That year, I continued to run, but then my wife challenged me to run the Disneyworld Half Marathon, so I picked up on my mileage. Ultimately, I ran a 10K completely barefoot. Got a lot of comments and stares on that run. However, shortly afterwards I got ambitious and decided to add some speed work and add more mileage, without giving my body time to recover. I ended up with a stress fracture in my foot. I don't think it was because of my lack of shoes, rather a lack of a good training plan. I healed after about four weeks. During my down time, I contemplated my next move. I really did enjoy running with no shoes and it really didn't hurt as much. But my wife hated it. She really wanted something on my feet. I also realized that during every run I would inevitably step on some small, sharp piece of debris. I never cut the bottom of my foot, but for whatever reason, I always seemed to hit the exact same place and could be rather painful.. I decided to try the most minimalist shoes I could find. I grabbed a pair of Merrell Vapor Gloves.
These beauties weighed about 3oz each and the stack height (from the sole of my foot to the ground) was 5.5mm with zero drop (the heel and toe are the same height -- most running shoes have a 14mm or so drop). I could still easily feel those small pebbles, cracks in the sidewalk and the variations in the ground, but without the pain of having little sharp objects poking the underside of my foot.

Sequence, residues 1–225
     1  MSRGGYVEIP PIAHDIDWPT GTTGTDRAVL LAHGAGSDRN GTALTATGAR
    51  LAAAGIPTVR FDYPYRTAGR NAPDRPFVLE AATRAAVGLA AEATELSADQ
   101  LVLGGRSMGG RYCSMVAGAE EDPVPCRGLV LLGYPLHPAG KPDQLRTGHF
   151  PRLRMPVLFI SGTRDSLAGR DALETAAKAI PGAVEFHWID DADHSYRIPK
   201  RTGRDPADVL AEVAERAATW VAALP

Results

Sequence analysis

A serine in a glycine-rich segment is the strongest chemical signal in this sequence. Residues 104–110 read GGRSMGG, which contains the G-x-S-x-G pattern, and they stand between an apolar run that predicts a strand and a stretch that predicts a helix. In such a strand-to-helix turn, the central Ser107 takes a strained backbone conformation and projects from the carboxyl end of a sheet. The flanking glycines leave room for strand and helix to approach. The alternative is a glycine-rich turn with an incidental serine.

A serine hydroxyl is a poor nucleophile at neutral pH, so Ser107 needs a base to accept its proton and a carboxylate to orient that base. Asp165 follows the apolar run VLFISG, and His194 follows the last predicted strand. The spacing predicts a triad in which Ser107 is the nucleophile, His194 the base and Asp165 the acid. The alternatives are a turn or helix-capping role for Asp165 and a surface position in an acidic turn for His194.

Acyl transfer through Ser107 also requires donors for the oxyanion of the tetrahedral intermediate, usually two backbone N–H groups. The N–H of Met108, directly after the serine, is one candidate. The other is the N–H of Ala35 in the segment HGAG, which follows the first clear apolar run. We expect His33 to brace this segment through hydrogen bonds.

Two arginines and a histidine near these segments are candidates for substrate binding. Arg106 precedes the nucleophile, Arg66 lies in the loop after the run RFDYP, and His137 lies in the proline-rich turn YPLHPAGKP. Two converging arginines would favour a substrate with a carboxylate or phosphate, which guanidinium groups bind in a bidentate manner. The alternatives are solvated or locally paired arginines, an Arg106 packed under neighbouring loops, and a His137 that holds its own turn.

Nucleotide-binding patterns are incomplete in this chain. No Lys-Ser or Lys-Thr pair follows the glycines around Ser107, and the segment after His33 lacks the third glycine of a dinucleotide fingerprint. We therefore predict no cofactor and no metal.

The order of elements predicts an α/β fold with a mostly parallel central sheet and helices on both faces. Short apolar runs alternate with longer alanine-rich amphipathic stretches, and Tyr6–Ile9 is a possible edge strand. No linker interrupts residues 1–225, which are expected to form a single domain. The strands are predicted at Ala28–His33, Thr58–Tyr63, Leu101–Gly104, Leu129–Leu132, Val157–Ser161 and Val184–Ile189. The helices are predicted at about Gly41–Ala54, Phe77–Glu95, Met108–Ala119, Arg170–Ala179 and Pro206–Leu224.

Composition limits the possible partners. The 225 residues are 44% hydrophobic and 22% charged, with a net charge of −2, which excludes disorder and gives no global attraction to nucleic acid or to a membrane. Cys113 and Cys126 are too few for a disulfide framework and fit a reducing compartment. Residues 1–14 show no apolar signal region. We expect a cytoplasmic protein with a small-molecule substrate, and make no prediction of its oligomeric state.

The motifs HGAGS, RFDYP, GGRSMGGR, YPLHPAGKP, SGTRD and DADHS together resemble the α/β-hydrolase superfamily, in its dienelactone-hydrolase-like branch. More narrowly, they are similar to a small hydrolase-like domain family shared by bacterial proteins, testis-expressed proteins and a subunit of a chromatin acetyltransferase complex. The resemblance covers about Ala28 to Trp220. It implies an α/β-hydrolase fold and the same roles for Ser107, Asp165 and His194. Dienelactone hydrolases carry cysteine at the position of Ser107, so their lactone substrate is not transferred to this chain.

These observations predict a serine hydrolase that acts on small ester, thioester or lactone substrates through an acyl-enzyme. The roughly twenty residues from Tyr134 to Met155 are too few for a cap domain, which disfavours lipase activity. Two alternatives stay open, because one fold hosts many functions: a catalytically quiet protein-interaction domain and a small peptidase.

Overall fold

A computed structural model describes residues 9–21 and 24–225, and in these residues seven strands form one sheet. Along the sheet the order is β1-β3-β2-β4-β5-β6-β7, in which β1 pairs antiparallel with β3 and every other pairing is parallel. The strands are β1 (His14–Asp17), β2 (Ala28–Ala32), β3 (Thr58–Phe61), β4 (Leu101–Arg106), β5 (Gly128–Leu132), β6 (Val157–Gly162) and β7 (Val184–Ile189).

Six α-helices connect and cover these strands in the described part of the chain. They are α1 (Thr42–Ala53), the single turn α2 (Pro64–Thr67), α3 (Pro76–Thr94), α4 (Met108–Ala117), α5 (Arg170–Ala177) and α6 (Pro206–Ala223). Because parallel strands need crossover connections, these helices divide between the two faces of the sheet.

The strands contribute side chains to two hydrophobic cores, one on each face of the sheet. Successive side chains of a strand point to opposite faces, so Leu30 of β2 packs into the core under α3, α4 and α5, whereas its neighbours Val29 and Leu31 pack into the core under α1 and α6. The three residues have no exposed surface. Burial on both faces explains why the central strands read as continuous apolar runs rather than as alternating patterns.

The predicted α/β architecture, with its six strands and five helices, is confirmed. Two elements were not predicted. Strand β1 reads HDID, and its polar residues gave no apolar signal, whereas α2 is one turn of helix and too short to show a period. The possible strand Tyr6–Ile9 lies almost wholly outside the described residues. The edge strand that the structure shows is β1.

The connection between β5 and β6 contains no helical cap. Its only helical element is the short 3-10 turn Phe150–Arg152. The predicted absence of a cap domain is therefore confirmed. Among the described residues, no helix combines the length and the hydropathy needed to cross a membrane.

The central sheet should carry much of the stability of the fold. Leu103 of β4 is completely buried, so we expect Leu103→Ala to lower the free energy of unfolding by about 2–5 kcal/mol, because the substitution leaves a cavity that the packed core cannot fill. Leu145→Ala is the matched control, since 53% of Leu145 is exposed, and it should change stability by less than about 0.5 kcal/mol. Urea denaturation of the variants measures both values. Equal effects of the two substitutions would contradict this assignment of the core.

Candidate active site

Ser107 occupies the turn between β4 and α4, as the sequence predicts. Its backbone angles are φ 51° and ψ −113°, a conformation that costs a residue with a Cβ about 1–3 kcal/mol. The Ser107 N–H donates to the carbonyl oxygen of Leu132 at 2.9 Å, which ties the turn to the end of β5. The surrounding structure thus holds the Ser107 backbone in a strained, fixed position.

I put about 500 miles on those shoes, including two half marathons. They finally wore out last week and I immediately pulled out a pair of Vapor Gloves I bought on sale last year.
Running barefoot / minimalist has absolutely changed my life. I enjoy running. It doesn't hurt. I don't injure myself like I did in shoes. Is it for everyone? No. The 'net is replete with stories of folks who tried barefoot and minimalist and got hurt. My advice: if you're happy with your current running performance, stick with what you've got. If you are getting injured and are tired of plantar fasciitis, knee pain, ankle pain, shin splints or whatever, consider giving barefoot / minimalist a shot.
How to get started? That's the next article...
Are you are barefoot or minimalist runner? You thinking about it? Leave a comment below!